Not many surprises, but an enjoyable ghostly package of typical Japanese teenage romance. No sex, no kissing, just buckets of agonising longings and symbolic meaning. It’s certainly one of the better Japanese films Chiaki has starred in.

Loads more screen-grabs from the film, and Chiaki's other films, here at her shrine!

The HK DVD is letterboxed, (not anamorphic) and has good English subtitles. You can get it
here at PlayAsia, for instance.

UPDATE: Geneon also released this on DVD in the US.

July 08, 2007

GHOST HUNT (2006) fun and scary anime series

Ghost Hunt started as a successful manga

(2006, Japan)

TV anime, 25 x 25 minute episodes

This Japanese anime series is about a research team for hire, who solve mysterious hauntings. Each case is a story that lasts about 3 or 4 episodes. Each case is different to the next, keeping the series interesting from start to finish, with the characters developing nicely. It’s sometimes scary, sometimes funny, sometimes a detective story. With such a wide appeal, this could easily run to more series, or even live-action, and am surprised it hasn’t been announced on DVD in the west yet.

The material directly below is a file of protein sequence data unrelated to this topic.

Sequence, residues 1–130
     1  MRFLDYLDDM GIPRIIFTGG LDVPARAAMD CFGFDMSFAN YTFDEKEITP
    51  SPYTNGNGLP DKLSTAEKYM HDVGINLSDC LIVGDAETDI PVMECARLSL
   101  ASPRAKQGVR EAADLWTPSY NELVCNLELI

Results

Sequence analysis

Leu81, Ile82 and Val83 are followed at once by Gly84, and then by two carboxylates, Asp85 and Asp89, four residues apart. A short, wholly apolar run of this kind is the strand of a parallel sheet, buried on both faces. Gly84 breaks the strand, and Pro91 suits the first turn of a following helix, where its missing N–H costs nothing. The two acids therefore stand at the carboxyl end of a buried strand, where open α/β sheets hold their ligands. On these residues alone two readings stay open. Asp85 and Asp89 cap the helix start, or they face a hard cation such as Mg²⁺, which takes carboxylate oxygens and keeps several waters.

The opening story, set in a school, introduces klutzy schoolgirl character, Mai, to the group of ghost hunters, called Shibuya Psychic Research, named after the teenage leader, Naru Shibuya, an electronics whiz.

They are investigating a violent poltergeist, using both scientific monitoring and psychic 'sensitives' to gather clues. They then try and combat it with exorcisms, from a range of religious denominations - like shinto, catholic and buddhist. The phenomena vary from yokai, ghosts, to poltergeists - the team never know what they're going to be facing next. But usually there are lives at risk, or souls to be saved.

This series strongly reminded me of the classic The Legend of Hell House (1973), which also had an electronic approach to ghost hunting, backed up psychics. This hunch was clinched by the use of captions counting up the days into the haunting. That film also mixed ‘sensitives’ with a scientific approach to 'cleansing' an intensely haunted house.

In Ghost Hunt, Mai narrates and we often hear her thoughts of the other characters. Initially a lowly assistant, she soon finds she's not as useless to the team as she thought.